Fantasy Fights

Intelligent, unique MMA analysis

UFC on Fox 11 Predictions Summary

Here are my picks:

  • Travis Browne over Fabricio Werdum
  • Miesha Tate over Liz Carmouche
  • Donald Cerrone over Edson Barboza
  • Yoel Romero over Brad Tavares
  • Khabib Nurmagomedov over Rafael Dos Anjos
  • Thiago Alves over Seth Baczynski
  • Jorge Masvidal over Pat Healy
  • Estevan Payan over Alex White
  • Caio Magalhaes over Luke Zachrich
  • Jordan Mein over Hernani Perpetuo
  • Dustin Ortiz over Ray Borg
  • Chas Skelly over Mirsad Bektic
  • Derrick Lewis over Jack May

PICKS TO DATE

Last Event: 10-3 (76.9%)

Year to Date: 84-44 (65.6%)

My one underdog pick was a winner as Chad Laprise showcased polished striking skills against the inexperienced Olivier Aubin-Mercier. However, I did also pick Sam Stout to defeat K.J. Noons; Stout lost by knockout in 30 seconds and subsequently tried to choke the referee in his stupor. Stout and Noons were each at -105 so I was on the wrong side of that coin.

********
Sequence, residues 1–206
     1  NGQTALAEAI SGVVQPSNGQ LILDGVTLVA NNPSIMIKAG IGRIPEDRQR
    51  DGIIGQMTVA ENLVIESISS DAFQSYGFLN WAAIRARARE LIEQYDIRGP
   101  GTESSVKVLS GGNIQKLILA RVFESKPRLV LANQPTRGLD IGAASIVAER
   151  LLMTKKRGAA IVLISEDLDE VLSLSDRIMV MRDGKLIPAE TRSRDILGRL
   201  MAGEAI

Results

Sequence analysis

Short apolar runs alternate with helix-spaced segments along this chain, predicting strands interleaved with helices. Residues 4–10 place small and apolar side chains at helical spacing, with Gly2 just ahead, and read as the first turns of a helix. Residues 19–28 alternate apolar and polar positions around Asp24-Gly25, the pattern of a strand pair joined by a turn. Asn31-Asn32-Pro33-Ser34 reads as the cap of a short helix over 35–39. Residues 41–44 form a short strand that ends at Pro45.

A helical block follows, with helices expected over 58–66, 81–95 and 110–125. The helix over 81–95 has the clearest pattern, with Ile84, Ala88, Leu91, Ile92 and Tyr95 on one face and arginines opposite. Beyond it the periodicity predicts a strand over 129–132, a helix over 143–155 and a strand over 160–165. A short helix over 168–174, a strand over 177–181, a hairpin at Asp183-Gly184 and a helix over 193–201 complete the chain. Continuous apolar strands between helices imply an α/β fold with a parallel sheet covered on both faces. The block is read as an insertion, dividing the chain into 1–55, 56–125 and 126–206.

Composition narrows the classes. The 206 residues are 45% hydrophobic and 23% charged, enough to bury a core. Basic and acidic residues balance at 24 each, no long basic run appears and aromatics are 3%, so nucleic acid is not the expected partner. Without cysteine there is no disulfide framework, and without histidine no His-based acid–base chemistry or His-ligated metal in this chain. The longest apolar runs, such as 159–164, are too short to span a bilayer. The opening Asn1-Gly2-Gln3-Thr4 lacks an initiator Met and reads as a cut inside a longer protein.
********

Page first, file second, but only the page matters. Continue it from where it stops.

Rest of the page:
My underdog pick for this event is Yoel Romero, who I’m surprised is the underdog against Brad Tavares. I thought that the hype Romero had behind him would cause him to be favored against Tavares, but perhaps Tavares is the more recognized name. Both fighters are capable strikers but Romero packs a lot more power and I think that’s going to give Tavares some real trouble. I also don’t think Tavares has good enough ground control to defeat Romero with takedowns and grappling. It’s a competitive fight but I think Romero wins.

DEGENERATE GAMBLER’S CORNER

Last Event: -$1.72

Current Bankroll: $55.51

Total Investment: $128.57